The UK?s sprawling network of grocers, department stores and malls is the nation?s second most hungry energy customer, having spent ?3.3 billion on it in 2013 when it accounted for almost 20% of carbon released. If you think that sounds bad, it purchased double that amount in 2005. However the consortium believes there is still more to come.

It bases this assumption on the push effect of UK energy rates increasing by a quarter during the duration of the project. ?So it makes sense to be investing in energy efficiency rather than paying bills,? Andrew Bolitho (property, energy, and transport policy adviser) told Business Green. The numbers mentioned exclude third party transport and distribution networks not under the British Retail Consortium umbrella.

The ?complex and inaccessible policy landscape? is the reflection of UK legislators not tidying up as they go along. BRC cites a ?vast number of policies ? spreading confusion, undermining investment and making it harder to raise capital?. The prime culprits are Britain?s CRC Energy Efficient Scheme (previously Carbon Reduction Commitment) which publishes league tables and ESOS. Andrew Bolitho believes this duality is driving confused investors away.

The British Retail Consortium is at pains to point out that this is not about watering things down, but making it simpler for participating companies to report on energy matters at a single point. It will soon go live with its own information hub providing information for retailers wishing to measure consumption at critical points, assemble the bigger picture and implement best practice.

Ecovaro agrees with Andrew Bolitho that lowering energy demand and cutting carbon is not just about technology. We can do much in terms of changing attitudes and providing refresher training and this does not have to cost that much. Studies have shown repeatedly that there is huge benefit in inviting employees to cross over to our side. In fact, they may already be on board to an extent that may surprise.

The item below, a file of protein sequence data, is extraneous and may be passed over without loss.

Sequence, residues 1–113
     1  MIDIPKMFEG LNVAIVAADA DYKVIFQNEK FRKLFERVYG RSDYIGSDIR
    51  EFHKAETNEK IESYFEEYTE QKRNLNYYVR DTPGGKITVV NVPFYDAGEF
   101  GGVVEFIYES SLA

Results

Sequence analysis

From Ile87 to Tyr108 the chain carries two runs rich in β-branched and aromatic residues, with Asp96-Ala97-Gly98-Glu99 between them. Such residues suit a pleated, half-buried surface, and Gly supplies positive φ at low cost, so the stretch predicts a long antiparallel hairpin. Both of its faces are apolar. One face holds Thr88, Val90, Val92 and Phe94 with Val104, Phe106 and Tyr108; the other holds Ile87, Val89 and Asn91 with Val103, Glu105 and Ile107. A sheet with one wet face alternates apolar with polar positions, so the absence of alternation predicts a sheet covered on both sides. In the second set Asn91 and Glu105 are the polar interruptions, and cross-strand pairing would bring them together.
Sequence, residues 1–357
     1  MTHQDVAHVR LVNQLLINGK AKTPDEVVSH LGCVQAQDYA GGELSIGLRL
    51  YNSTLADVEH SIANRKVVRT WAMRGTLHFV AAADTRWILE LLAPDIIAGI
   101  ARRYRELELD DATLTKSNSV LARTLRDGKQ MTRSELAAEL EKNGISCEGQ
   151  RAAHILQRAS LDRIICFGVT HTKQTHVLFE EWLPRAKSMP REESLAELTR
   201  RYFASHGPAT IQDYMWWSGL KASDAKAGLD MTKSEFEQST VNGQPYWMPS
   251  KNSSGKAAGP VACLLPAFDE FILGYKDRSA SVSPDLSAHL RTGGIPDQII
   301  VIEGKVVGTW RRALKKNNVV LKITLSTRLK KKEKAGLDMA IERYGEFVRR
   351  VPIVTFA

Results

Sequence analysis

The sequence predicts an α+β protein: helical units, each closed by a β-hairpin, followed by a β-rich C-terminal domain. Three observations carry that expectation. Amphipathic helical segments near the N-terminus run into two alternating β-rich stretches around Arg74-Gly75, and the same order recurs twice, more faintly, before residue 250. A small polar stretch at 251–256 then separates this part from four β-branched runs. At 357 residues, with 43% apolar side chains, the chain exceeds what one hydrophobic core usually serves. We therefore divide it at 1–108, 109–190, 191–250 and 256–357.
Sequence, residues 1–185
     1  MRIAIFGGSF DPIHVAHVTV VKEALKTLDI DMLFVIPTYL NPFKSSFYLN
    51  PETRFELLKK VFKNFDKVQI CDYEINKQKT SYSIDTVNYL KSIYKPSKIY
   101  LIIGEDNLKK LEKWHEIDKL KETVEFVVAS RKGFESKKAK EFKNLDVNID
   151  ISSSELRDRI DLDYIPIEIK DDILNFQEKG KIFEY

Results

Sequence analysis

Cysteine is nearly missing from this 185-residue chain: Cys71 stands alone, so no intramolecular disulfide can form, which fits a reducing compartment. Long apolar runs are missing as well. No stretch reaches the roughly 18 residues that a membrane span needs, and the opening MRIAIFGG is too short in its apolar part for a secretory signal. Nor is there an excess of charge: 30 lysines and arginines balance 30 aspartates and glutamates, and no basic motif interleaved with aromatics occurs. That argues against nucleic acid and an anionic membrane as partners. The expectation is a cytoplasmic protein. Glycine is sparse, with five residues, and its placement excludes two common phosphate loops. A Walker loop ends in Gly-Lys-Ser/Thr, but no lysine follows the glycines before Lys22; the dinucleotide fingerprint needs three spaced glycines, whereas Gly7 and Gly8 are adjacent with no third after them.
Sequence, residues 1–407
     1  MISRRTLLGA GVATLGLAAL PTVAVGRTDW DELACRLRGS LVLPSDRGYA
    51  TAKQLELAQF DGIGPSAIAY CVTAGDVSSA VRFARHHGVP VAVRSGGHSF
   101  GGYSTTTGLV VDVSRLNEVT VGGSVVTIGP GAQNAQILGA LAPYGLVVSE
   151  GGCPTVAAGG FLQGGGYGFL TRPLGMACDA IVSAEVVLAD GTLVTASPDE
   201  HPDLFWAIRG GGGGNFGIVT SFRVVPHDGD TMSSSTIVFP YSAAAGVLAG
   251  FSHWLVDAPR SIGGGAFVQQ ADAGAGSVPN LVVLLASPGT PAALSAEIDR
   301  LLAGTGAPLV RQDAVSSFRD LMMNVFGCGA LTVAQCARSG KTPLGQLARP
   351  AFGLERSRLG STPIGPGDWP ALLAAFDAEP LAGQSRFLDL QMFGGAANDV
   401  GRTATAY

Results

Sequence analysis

Saving Energy Step 5 – Bringing it together

We hope you have been enjoying our series of short posts regarding saving energy, so what we use we can sustain. We have tried to make a dry subject interesting. After you read this post please comment, and tell us how it went. We are in the environment together. As the man who wrote ?No Man is an Island? said, ?if a clod be washed away somewhere by the sea, Europe is the less? and Europe was his entire world.

The 4 Steps we wrote about previously have a multiplier effect when we harness them together

  1. Having a management system diffuses office politics and pins accountability in a way that not even a worm could wriggle
  2. This defines the boundaries for senior managers and empowers them to implement practical improvements with confidence
  3. The results feed back into lower energy bills: this convinces the organisation that more is possible
  4. This dream filters through all levels of the organisation, as a natural team forms to make work and home a better place.

None of this would be possible without measuring energy consumption throughout the process, converting this into meaningful analytics, and playing ?what-if? scenarios against each other to determine where to start.

The 5th Step to Energy Saving that brings the other four together can double the individual benefits as innovative power flows between them. The monetary savings are impressive and provide capital to go even further. Why not allow us to help you manage what we measure together.

ecoVaro turns your numbers into meaningful analytics, makes suggestions, and stays with you so we can quantify your savings as you make them. We should talk about this soon.

Contact Us

  • (+353)(0)1-443-3807 – IRL
  • (+44)(0)20-7193-9751 – UK